Data: Americans Waste Billions to File Tax Returns

Elizabeth Renter
By Elizabeth Renter 
Edited by Kathy Hinson

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There is a legitimate IRS program that’s designed to allow 70% of taxpayers to file their federal income tax returns for free using online software. But hundreds of millions fail to take advantage, potentially overspending by billions, according to the latest IRS data.

The Free File program began 20 years ago to create a way for the lowest earners to file their federal taxes using free online software. Each year, the income threshold for eligibility is adjusted so that each year, 70% qualify. For instance, for tax year 2023 (those we’re preparing to file now), people with adjusted gross incomes of $79,000 or less qualify to use Free File.

An examination of 2022 IRS data, the most recent available, reveals that despite 70% qualifying, just 2.2% actually took advantage of the program.

Share of taxpayers using Free File declined in 2022

Just under 3.3 million federal taxpayers used Free File in fiscal year 2022. But 102 million didn’t, despite being qualified.

In 2020 and 2021, the share of Free File users had increased over previous years — to 2.8% and 3.1%, respectively. That increase could’ve been due in part to the very public push to get filers and nonfilers alike on record and eligible for Economic Impact Payments as part of COVID-19 pandemic relief. The tool created to help facilitate the delivery of those payments was built in cooperation with the Free File program. But that progress nearly faded away by 2022.

Overall taxpayer knowledge about the program appears low. A survey conducted in conjunction with the NerdWallet 2024 Tax Report found just 13% of Americans know if they qualify for the Free File program, and a 2020 survey from the Treasury Inspector General for Tax Administration found that 30% of people who paid to file their taxes were unaware of Free File altogether.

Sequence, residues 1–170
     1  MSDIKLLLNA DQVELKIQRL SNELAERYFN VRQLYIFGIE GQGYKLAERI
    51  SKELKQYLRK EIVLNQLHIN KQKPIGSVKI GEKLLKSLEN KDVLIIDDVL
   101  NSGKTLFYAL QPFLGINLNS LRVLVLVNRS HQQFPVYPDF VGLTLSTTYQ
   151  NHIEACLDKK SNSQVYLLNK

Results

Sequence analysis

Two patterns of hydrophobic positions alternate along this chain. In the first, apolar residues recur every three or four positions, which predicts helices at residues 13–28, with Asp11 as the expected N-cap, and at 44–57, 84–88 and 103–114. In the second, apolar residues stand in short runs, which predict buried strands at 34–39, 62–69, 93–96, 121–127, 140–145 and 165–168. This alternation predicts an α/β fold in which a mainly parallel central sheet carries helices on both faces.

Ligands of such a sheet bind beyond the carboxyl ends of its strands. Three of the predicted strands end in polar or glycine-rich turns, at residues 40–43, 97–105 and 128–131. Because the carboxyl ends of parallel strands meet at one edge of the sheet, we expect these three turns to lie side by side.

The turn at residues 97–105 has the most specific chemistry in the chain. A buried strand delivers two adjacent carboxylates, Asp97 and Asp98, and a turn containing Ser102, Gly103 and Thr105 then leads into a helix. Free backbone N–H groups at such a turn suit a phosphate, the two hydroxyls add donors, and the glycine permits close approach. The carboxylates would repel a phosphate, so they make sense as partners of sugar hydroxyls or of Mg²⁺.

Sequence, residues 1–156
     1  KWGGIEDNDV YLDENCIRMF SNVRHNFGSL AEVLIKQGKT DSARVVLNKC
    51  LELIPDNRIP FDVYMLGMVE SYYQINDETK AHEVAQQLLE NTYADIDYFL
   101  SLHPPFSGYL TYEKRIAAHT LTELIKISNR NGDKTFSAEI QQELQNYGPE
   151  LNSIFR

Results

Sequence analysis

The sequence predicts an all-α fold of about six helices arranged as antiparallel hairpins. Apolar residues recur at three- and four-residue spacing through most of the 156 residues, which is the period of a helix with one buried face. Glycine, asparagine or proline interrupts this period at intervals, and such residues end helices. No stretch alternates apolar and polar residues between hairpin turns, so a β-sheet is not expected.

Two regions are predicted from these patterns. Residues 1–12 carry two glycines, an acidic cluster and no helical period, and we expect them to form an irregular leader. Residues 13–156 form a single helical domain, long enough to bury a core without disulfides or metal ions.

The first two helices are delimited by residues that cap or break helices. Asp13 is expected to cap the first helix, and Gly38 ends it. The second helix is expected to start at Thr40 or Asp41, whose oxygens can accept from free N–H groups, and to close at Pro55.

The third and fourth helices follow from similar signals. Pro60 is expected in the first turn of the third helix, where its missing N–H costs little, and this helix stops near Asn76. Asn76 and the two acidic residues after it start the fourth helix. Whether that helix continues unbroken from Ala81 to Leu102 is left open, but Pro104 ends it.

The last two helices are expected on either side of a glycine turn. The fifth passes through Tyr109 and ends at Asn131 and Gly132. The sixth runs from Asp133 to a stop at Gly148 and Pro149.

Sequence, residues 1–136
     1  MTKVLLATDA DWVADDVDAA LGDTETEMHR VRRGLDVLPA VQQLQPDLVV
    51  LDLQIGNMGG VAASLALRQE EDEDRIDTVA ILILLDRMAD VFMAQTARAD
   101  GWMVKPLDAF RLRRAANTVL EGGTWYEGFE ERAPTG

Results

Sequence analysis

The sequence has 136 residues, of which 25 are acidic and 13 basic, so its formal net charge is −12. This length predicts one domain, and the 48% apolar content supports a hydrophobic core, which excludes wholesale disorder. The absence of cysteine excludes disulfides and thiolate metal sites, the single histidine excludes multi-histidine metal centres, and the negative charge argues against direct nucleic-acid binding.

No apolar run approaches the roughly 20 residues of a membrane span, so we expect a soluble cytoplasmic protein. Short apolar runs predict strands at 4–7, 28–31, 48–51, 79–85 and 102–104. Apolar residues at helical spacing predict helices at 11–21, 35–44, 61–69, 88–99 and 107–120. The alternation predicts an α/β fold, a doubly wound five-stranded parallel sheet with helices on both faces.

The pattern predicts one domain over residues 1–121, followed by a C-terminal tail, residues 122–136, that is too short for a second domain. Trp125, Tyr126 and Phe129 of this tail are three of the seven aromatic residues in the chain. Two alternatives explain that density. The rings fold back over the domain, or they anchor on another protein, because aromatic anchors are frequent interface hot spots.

So, how much are taxpayers overspending? It’s tough to say, but a conservative estimate assuming a $40 fee per return would amount to $4 billion.

Online tax prep, where 'free' can be misleading

In January, the Federal Trade Commission found Intuit Inc., the maker of TurboTax, engaged in deceptive practices when advertising free tax software. Only after users went through a fairly lengthy process of online form filling would TurboTax disclose whether they could file for free. Many could not and were then steered toward paid products. The FTC now prohibits the company from advertising services as free unless they are, in fact, free for everyone or it discloses the percentage who will qualify before the user begins. Intuit called the FTC decision flawed and said it will appeal.

At the writing of this article, TurboTax now advertises on its “Free Edition” landing page that “~37% of filers qualify.” That, however, is roughly half of the 70% of all tax filers that qualify for IRS Free File.

The FTC ruling against TurboTax isn’t the first criticism a tax software company has faced about their “free” software. In 2020, the New York State Department of Financial Services ruled that several tax software providers engaged in deceptive practices by steering would-be free filers into paid products.

At the time, these providers were members of the Free File Alliance, the name given to the group of online tax software companies authorized by the IRS to provide Free File services via the IRS website. But in the wake of the New York DFS investigation, ProPublica reporting and the 2020 Treasury Inspector survey, the IRS tightened its regulations and oversight of these companies. Ultimately, some companies left the Free File Alliance, including TurboTax and H&R Block.

Where to find the real Free File

The IRS provides a tool that will point you to several appropriate Free File providers, given your responses to a brief set (roughly five minutes worth) of questions. Not all Free File providers are right for everyone; they can set their own income and age requirements, so the IRS matches you appropriately and will indicate if a provider allows free state filing, too. Accessing these providers directly through the IRS helps ensure you’re not landing on a page that appears to offer free tax filing but pulls a switcheroo.

The IRS is also offering free tax filing through Direct File for eligible taxpayers in 12 states this year. Direct File doesn’t have income limitations like Free File but isn’t available for more complex filing needs. If you aren’t eligible for Free File and live in Arizona, California, Florida, Massachusetts, New Hampshire, New York, Nevada, South Dakota, Tennessee, Texas, Washington or Wyoming, this option could be for you. The agency expects to roll Direct File out in stages with wide availability across the eligible states by mid-March.


The number of Americans who qualify to use IRS Free File but do not was determined using the 2022 IRS Data Book to determine the number of individual returns filed in the Oct. 1, 2021, through Sept. 30, 2022, fiscal year, and the difference between 70% of those returns and the sum of those who used Free File. While the 70% guideline applies to the share of filers who should be able to use Free File in a filing year, the fiscal year data is a proxy for these more precise (but unavailable) numbers.

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